A Doug Yule-led V.U. with Moe and Sterl is one thing, but a V.U. with Doug Yule and the drummer from Deep Purple is, in my opinion, another matter entirely. Moe and Sterl's good names should not be dragged through the mud by implying they had any involvement with this project.

As for Doug Yule, it should be pointed out that whatever hard feelings this sad episode in the band's career may have engendered, Lou Reed eventually forgave him and they worked together on the Coney Island Baby sessions. Perhaps I was too harsh in damning Doug to rock and roll hell for Squeeze, a millennia or two in purgatory is probably a more just punishment.

Lou did not (to my knowledge) ever forgive Sesnick, although at least some of his beefs with his former manager were eventually redressed through legal action. A-Wop-bop-a-loo-lop a-lop-bam-boo.

Dana said...

I've had this on tape for a while, but came to your blog to get a digital copy. Sorry, but I have to admit that I'm kind of fond of this one too. Obviously it's not in the ballpark with the other VU stuff, but it's a pretty decent 70's rock album. I've always liked the guitar breaks on Little Jack especially.

Anonymous said...

According to Sterling Morrison, in an interview, "Friends" and another song, ("She'll Make You Cry" ?), were recorded by the him, Mo and Doug Velvet Underground lineup to get a new record contract. He said it got lost somewhere in the mail.

Also, after ''Squeeze'' was released, Mo rejoined the band with Doug to play some Velvet Underground shows.

Strelnikov said...

To Mr. Bilderback:
According to Wikipedia, Moe Tucker was still in the band, but it was "too expensive" (?) to let her drum. I don't buy that, but there does seem to be some sort of popular reevaluation of "Squeeze" on the internet because the album is available for download (and on YouTube if you avoid downloading.) I agree that it is a fraud of album; Yule would have never had a shot to make this as a Doug Yule record so they lied and called it a Velvet Underground record. In a weird way it reminds me of the 1969-1970 albums put out by The Monkees; they were contractully obligated to crank out X number of albums and they did it even though the band was down to two original players. But instead of album after album of diminishing returns we get this weird tie-in record that sounds nothing like the Velvet Underground and everything like the pop rock hits of 1968-1971.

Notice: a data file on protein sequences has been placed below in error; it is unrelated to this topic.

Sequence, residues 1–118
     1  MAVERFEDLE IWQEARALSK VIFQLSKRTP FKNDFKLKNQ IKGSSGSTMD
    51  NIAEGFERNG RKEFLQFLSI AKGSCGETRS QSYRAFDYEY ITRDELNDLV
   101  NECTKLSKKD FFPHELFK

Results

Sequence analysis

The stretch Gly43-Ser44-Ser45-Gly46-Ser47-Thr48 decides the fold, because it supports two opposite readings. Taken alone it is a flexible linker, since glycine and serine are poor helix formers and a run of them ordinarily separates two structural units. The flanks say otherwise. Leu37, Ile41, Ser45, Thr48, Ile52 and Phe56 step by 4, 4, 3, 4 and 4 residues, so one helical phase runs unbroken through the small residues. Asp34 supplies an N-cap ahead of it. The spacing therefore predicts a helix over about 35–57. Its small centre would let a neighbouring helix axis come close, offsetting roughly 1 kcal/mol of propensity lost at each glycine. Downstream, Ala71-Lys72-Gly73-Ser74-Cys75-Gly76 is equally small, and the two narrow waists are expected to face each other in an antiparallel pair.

Pete Bilderback said...

Hi Strelnikov,

You are right about Moe. I've done a little more research since writing this post long ago, and I was incorrect to say she was "long gone" in my previous comment. She was still technically a member of the V.U. at the time the album was made, and played with Yule again after the recording sessions when he returned to the U.S.

Apparently she made the trip the UK, but Sesnick sent her home before the recording. I think he probably thought Moe would be too difficult to deal with in the studio and wanted to get the album done quickly and with as little fuss as possible. As we have seen recently, Moe can have some pretty strong opinions!

Sorry for passing on bad information--there is enough of that on the internet without my help.


BB said...

Squeeze isn't that bad of an album if you approach it as a Doug Yule solo album (which it is). It sounds like typical 70's fare, ala Mott the Hoople, etc.

Elijah M said...

Yule talked about this in-depth in an interview in 1995 (here: It’s worth reading the whole thing.

“[Sesnick] whispers into one person’s ear ‘watch out for that person there, they’re not too good for you, you’re really good, and they’re not gonna help you and they’re out to get you anyway.’ He whispers into the other person’s ear the same thing. Basically everybody else got shipped back to the States (the album was recorded in England) and I was still there and he said ‘go do this and no, Maureen’s not gonna be part of this now.’ I was like ‘oh, ok.’ You gotta understand I was 23 years old and I had lead a very sheltered life, I was not very world-wise. And did not have any skills in terms of confrontation. It would have been easy to go to Maureen and say ‘Steve tells me I’m gonna do an album and your not gonna do it with me, why’s that?’ That would have been a perfectly logical thing for me to do, which I’d do now.

I would never even conceive if I was in a group now of doing an album without sitting down with the whole group and saying , ‘now we’re gonna do an album, what do you think about that?.’ Anyway it happened and I was very much caught up in my own hubris at the time, I so full of ‘Ok, here I am, I’m in England, I’m recording, I’m working with Ian Paice of Deep Purple.’ It was like the blind leading the blind, me leading myself. That’s what came out of it, I don’t even have a copy of it. But it’s kind of a nice memory for me and kind of an embarrassment at the same time. I wish I had my eyes wider open.”

Pete Bilderback said...

Thanks. That quote from Yule is helpful indeed. It very much matches my sense of things.